Minnesota girl tells senators of school problems foster kids face

Kayla VanDyke
Courtesy of the Senate HELP Committee
Kayla VanDyke testified before the Senate Health, Education, Labor and Pensions Committee on Thursday.

WASHINGTON — Kayla VanDyke has lived in seven foster placements in and around the Twin Cities during the course of her 18 years on this Earth and, as a result, has now attended 10 different schools.

Along the way, VanDyke missed entire content sections because the school she’d enroll in taught a subject in a different order than the one she’d just left. She inadvertently skipped the entire fourth grade during a year of homelessness. When she and her mom were finally accepted in a Minneapolis homeless shelter, she went back to school and was enrolled in fifth grade because her academic records couldn’t be found and “no one pressed the issue.”

Because of the frequent school changes, VanDyke struggles with math and science. An A and B student otherwise, she failed the Minnesota Comprehensive Assessment of math and scored a 21 on the ACT. While that may not seem so bad, it is for someone who knows they’re capable of more.

On Thursday, she testified before the Senate Health, Education, Labor and Pensions Committee, aiming to put a face on the problems of educating often-faceless foster and homeless youth. Students, she said, should have the right (and the ability) to remain in their old school when they move to a new home.

Lawmakers said after the hearing that she’s likely to get her wish.

The problem

About 800,000 young people nationwide, including 8,400 in Minnesota, are in foster care. Many, like VanDyke, move frequently and change schools when they do.

VanDyke said she felt uncomfortable asking new foster parents to drive her back to her old school, even if it was just minutes away.

“It goes back to emotional stability, you’re in a new home, you don’t know these people they’ve already made accommodations for you, you feel like a burden so when you go out of your way to ask for accommodation you feel like even more of a burden,” she explained. “Especially when you’re used to moving a lot, you want to make a good impression, you don’t want to seem like a burden.”

Under the Fostering Connections to Success Act, enacted in 2008, school districts must ensure foster students are kept in their same schools after they move if it’s in the child’s “best interest” (there’s an exception if their parent or guardian wants to move them). Different school districts interpret that policy in different ways, said Denise Ross, who supervises the homeless education program in Prince George’s County Public Schools, a large school district in Maryland that includes affluent, middle-class and poor neighborhoods suburban to Washington, D.C.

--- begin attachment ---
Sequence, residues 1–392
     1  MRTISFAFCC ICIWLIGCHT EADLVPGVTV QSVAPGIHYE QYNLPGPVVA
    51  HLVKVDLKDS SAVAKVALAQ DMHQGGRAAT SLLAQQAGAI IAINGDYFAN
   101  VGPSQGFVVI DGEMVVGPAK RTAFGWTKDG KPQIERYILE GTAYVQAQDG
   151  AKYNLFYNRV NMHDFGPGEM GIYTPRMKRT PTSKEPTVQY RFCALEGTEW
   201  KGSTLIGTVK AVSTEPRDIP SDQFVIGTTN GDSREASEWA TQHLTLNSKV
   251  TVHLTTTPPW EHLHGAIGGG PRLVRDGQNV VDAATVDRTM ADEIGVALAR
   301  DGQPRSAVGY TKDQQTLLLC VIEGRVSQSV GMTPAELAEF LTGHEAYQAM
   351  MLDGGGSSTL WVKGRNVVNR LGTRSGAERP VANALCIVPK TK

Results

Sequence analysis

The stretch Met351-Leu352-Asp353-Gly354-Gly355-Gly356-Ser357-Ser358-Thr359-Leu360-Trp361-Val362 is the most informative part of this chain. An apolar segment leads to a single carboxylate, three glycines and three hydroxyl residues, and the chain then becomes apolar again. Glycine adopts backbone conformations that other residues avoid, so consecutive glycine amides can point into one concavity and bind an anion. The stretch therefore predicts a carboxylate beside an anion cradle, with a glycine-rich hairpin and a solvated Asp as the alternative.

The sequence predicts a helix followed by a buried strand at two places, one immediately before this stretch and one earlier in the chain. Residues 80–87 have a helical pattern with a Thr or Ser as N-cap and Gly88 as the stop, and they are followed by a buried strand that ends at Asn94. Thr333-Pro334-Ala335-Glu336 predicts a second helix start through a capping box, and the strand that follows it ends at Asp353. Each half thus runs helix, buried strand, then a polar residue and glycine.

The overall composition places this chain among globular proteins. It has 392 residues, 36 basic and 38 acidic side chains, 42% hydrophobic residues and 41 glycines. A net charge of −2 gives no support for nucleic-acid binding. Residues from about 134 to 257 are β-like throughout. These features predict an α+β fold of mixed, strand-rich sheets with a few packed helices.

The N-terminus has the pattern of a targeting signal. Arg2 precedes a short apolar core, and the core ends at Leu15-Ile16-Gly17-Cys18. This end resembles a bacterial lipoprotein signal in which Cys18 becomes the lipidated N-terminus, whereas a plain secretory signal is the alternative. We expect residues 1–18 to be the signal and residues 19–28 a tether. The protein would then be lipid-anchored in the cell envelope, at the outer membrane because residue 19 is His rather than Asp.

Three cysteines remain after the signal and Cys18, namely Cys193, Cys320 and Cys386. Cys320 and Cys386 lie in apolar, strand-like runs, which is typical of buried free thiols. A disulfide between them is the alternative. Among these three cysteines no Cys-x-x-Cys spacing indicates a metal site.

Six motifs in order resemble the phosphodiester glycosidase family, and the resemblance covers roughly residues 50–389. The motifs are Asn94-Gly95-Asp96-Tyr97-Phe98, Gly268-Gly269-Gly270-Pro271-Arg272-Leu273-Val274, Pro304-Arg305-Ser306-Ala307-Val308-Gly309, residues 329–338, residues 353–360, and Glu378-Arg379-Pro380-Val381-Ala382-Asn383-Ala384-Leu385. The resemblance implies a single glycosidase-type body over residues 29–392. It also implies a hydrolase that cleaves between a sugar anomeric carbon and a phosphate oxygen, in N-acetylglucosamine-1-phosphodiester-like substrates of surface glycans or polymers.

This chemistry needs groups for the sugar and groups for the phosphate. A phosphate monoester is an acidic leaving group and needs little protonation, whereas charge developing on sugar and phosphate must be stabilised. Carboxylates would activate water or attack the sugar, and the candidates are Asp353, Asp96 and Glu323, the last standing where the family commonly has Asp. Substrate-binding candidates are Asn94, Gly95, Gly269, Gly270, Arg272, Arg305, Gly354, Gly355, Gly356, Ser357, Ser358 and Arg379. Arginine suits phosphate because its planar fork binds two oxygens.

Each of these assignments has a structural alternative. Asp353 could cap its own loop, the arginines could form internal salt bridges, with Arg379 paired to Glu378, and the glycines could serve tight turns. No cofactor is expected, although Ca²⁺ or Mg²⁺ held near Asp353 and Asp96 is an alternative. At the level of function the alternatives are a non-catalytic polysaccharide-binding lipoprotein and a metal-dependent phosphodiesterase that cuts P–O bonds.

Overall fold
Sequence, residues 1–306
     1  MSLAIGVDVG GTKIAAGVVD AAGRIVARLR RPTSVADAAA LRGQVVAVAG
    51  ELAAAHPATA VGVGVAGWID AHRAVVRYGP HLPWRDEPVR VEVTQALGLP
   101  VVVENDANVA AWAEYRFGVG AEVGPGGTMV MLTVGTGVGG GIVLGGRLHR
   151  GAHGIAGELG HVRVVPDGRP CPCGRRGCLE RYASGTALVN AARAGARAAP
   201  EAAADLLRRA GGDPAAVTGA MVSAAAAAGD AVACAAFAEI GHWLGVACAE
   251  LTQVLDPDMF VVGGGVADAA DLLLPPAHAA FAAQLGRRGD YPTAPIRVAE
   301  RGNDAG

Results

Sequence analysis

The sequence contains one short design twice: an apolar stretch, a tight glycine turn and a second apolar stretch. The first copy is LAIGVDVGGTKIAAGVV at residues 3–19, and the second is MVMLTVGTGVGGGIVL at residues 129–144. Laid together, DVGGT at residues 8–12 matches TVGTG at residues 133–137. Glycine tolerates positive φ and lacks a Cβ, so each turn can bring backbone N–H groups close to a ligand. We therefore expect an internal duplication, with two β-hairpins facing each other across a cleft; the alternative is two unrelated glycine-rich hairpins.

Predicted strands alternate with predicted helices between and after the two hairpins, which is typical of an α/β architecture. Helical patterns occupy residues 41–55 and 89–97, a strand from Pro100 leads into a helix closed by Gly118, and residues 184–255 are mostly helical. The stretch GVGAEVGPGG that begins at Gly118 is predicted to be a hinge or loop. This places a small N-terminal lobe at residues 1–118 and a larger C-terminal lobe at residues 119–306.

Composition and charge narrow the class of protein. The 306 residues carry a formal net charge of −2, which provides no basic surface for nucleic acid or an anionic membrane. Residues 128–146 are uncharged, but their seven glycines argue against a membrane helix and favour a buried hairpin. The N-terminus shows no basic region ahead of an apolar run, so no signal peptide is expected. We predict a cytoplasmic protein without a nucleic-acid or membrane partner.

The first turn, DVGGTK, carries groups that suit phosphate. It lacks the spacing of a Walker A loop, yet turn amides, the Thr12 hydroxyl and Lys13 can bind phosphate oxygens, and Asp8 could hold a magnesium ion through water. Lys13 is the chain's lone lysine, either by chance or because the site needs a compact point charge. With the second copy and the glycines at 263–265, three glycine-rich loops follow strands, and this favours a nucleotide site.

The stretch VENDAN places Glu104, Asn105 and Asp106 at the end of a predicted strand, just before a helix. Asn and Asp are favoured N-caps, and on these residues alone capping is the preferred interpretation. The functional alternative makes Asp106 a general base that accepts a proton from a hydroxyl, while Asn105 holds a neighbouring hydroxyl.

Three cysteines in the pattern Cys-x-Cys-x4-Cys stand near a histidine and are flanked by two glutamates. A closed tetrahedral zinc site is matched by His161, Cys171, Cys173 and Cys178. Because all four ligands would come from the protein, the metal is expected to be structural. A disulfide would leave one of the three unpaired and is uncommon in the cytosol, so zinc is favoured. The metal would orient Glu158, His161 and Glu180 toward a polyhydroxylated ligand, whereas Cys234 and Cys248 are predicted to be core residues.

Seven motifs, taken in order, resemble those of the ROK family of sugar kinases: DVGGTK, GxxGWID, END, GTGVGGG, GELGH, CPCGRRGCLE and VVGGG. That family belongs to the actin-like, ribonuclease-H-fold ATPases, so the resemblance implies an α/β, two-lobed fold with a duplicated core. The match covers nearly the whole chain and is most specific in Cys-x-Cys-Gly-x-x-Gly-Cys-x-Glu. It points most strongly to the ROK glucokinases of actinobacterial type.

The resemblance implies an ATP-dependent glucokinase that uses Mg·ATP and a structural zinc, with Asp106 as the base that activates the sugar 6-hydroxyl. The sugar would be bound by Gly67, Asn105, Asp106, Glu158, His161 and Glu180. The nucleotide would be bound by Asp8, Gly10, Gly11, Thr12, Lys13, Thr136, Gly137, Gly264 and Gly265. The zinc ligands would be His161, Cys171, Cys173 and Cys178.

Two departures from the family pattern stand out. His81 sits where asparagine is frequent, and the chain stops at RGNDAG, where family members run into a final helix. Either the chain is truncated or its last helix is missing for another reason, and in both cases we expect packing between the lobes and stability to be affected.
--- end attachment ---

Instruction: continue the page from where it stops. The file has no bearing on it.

“Sometimes [districts] base what is feasible on cost and convenience, rather than on what is truly in the best interest of the child,” Ross said. Her policy suggestions:

  • Reauthorization should require that “best interest” determinations be individualized and child-centered, based on criteria that includes the age of the child, safety of the student and time remaining in the school year.
  • School districts should presume that staying in the school of origin is in the child’s best interest.
  • Funding should be made available to districts to transport students from their new homes to their original schools, so that foster kids aren’t faced with the dilemma VanDyke was — wanting to stay in a school but feeling like it would be a burden on their new foster parents to ask.

Possible solutions

Minutes after the hearing concluded, Committee Chairman Tom Harkin of Iowa committed to including language in the forthcoming education reauthorization bill. It will now contain text that aims to ensure foster youth can stay in the same school and provide money to school districts to cover the additional cost of transporting them, Harkin said.